METHYLDOPA TABLETS USP is for oral administration.
Methyldopa is largely excreted by the kidney and patients with impaired renal function may respond to smaller doses. Syncope in older patients may be related to an increased sensitivity and advanced arteriosclerotic vascular disease. This may be avoided by lower doses. Withdrawal of methyldopa is followed by return of hypertension usually within 48 hours. This is not complicated by an overshoot of blood pressure. Therapy with methyldopa may be initiated in most patients already on treatment with other antihypertensive agents.
Methyldopa may also be used concomitantly with amiloride/hydrochlorothiazide tablets or beta-blocking agents, such as timolol maleate. Many patients can be controlled with one tablet of amiloride 5 mg/hydrochlorothiazide 50 mg and 500 mg of methyldopa administered once daily. When methyldopa is given to patients on other antihypertensives, the dose of these agents may need to be adjusted to effect a smooth transition. Terminate these antihypertensive medications gradually if required (see manufacturers’ recommendations on stopping these medicines). Following such previous antihypertensive therapy, the initial dose of methyldopa should be limited to not more than 500 mg daily and increased as required at intervals of not less than 2 days.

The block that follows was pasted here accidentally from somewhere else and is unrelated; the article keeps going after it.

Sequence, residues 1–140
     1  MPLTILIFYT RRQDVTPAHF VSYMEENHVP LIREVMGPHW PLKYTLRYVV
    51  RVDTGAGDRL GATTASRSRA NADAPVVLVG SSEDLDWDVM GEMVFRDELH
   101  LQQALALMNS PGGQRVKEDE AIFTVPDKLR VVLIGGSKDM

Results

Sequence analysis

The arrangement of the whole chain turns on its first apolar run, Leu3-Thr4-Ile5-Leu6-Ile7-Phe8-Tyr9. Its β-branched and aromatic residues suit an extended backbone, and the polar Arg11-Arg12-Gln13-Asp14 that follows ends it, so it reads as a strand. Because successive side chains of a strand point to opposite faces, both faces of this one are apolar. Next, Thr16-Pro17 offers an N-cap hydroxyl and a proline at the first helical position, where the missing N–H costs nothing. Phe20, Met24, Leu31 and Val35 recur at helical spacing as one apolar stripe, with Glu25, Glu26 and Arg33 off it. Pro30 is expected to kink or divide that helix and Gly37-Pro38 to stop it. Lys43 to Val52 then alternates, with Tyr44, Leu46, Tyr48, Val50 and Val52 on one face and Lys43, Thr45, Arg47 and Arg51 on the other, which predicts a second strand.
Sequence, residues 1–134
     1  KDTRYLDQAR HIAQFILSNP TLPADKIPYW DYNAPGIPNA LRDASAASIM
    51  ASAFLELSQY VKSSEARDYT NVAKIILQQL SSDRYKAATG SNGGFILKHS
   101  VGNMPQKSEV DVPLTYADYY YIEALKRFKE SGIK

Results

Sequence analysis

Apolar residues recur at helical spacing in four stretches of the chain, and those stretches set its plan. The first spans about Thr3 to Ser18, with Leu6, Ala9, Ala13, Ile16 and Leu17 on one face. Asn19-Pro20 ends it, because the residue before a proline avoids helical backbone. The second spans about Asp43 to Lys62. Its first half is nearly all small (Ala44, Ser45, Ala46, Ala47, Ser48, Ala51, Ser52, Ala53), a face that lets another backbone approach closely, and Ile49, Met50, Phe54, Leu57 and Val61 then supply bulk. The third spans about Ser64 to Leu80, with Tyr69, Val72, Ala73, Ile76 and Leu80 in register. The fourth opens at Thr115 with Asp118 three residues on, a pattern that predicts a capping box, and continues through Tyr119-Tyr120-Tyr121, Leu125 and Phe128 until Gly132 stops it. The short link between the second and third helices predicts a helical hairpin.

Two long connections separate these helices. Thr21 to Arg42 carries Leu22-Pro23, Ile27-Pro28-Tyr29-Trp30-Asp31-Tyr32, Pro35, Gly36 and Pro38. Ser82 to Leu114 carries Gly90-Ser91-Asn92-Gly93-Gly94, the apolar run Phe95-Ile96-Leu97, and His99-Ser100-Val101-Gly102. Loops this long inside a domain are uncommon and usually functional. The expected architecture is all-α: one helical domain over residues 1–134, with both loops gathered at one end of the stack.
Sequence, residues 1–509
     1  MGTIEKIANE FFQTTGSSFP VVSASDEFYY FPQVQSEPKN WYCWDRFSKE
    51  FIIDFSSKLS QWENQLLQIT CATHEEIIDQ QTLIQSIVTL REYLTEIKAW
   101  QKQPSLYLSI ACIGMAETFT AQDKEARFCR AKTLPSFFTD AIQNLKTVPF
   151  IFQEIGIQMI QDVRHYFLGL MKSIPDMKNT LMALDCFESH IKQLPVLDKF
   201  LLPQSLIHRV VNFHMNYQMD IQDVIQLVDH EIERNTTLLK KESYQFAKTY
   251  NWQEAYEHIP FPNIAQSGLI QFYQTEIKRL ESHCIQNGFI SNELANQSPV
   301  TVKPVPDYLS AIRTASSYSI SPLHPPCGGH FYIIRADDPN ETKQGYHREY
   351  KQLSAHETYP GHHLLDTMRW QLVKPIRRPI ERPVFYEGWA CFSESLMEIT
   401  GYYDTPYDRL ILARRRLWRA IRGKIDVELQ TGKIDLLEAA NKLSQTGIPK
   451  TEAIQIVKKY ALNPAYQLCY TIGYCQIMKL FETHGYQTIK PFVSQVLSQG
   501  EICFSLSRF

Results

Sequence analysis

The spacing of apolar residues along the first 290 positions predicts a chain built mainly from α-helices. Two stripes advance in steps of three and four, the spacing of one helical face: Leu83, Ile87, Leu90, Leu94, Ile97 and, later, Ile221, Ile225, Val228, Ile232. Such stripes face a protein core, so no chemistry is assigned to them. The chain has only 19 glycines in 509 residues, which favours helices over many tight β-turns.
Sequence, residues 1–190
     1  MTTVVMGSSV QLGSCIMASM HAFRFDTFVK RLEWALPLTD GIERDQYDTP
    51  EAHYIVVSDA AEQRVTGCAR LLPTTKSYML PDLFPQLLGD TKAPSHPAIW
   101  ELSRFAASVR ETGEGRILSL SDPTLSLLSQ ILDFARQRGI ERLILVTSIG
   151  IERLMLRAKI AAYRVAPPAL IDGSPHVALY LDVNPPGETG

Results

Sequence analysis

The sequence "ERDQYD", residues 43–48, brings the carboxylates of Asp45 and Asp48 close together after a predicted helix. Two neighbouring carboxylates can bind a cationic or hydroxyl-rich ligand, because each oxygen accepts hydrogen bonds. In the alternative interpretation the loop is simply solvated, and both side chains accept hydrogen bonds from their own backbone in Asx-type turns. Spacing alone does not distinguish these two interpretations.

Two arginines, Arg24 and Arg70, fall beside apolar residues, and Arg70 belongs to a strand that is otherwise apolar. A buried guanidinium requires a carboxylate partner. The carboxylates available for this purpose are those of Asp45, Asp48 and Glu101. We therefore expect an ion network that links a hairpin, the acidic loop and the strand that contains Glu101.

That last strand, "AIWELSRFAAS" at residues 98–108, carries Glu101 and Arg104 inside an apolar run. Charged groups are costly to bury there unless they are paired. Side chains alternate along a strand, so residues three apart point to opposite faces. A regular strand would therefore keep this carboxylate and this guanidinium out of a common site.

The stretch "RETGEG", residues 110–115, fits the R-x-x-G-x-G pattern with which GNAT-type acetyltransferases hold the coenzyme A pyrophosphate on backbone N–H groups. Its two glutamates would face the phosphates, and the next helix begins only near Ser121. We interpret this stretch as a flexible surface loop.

The usual starting dosage of methyldopa is 250 mg two or three times a day in the first 48 hours. The daily dosage then may be increased or decreased, preferably at intervals of not less than two days, until an adequate response is achieved. The maximum recommended daily dosage is 3 gm. When methyldopa 500 mg is added to 50 mg of hydrochlorothiazide, the two agents may be given together once daily. Many patients experience sedation for two or three days when therapy with methyldopa is started or when the dose is increased. When increasing the dosage, therefore, it may be desirable to increase the evening dose first.